While sporting events themselves cannot be protected under EU copyright law, copyright can exist in the opening and closing video sequence, the Premier League Anthem and logo, and pre-selected match highlights. Therefore, the act of broadcasting using a foreign decoder would amount to the communication to the public and therefore is an infringement.
The Court held that the broadcasting of the live matches in a pub constitutes an act of “communication to the public” under Article 3(1) of the Copyright Directive, and requires authorisation by FAPL.

The Court also found that provisions of the exclusive territorial licences and the provisions of the CDPA impose restrictions inconsistent with one of the fundamental principles of the functioning of the EU – the freedom to provide services and the free movement of those services. Those restrictions cannot be justified on the basis of protecting any interest FAPL may have in the IP content of the broadcast. Any legitimate interest FAPL may have in such a content – including receiving appropriate remuneration – does not extend to charging a premium for absolute territorial exclusivity of exploitation of live football matches.


Even though the Court’s conclusion that no authorisation is required for the broadcast that originates in one country in other countries can be viewed as an expansion of the exhaustion doctrine, whereby the first unrestricted sale of a patented item exhausts the patentee’s control over that item, the CJEU carefully avoided the issue of exhaustion of rights as it would have very serious consequences for the broadcasting business.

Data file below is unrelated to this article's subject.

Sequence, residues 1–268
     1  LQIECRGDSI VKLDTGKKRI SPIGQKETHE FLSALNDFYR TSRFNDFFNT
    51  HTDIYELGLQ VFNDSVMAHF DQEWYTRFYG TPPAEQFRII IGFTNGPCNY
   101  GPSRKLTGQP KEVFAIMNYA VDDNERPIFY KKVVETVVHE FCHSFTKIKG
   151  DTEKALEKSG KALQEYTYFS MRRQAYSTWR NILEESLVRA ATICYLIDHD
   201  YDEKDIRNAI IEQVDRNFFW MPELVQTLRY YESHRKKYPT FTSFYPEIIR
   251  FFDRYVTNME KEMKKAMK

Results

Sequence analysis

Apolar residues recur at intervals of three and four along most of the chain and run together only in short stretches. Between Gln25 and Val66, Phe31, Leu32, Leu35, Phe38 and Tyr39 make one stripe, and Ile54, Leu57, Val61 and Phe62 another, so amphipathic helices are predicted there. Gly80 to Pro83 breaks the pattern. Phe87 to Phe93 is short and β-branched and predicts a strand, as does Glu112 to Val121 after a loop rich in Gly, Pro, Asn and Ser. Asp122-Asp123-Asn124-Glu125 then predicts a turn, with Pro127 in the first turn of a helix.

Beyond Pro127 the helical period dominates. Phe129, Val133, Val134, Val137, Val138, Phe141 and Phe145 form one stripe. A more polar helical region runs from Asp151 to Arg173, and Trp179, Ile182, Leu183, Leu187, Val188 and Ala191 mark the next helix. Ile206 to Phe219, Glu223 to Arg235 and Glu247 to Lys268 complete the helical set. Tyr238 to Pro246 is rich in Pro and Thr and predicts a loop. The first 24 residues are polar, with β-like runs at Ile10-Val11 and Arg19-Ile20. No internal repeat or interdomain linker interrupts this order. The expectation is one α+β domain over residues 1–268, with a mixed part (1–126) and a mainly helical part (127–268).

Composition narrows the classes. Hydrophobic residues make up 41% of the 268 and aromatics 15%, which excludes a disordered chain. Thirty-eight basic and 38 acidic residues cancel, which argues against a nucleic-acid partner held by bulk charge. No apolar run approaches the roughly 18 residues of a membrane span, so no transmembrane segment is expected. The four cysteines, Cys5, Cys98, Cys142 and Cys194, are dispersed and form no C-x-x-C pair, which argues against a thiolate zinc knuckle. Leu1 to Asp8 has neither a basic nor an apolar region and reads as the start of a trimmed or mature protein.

In the European context, the ruling does not affect the ability of sports rights holders such as FAPL to grant exclusive licenses for the transmission of live football matches under EU law. However, it considerably limits the ability of such rights holder to invoke national legislation or contractual clauses concerning territorial limitations, which prevent the importation of the decoder equipment required to view the satellite transmissions. Nonetheless, rights holders will be able to prevent unauthorised use of the part of the broadcast content which is subject to copyright.

However, it is potentially open to right holders to sustain a degree of protection through limiting the licensees’ broadcasting rights to a certain language version, as well as applying territorial limitation clauses to prevent active sales of decoders, as opposed to absolute restrictions which also cover passive sales.

In addition, the judgement may be applicable to the broadcast by satellite of all copyright works. Further, it may be relevant not only to the use of decoders, but to all restrictions designed to grant absolute territorial protection. 

The scope of the judgement is, to some extent, limited due to the fact that it relies on the specifics of the Satellite Broadcasting Directive and the country of origin principle integral to it – both in terms of its relevance to other broadcasting modes where the country of origin doctrine principle is not at play (e.g. online broadcasting), and applicability outside the EU. Nonetheless, New Zealand courts are likely to take the judgement into consideration when deciding similar cases.
The full impact of the ruling will become clear when the High Court gives its judgment, applying the CJEU decision to the facts of the case. 
Written with assistance from Anna Parfjonova.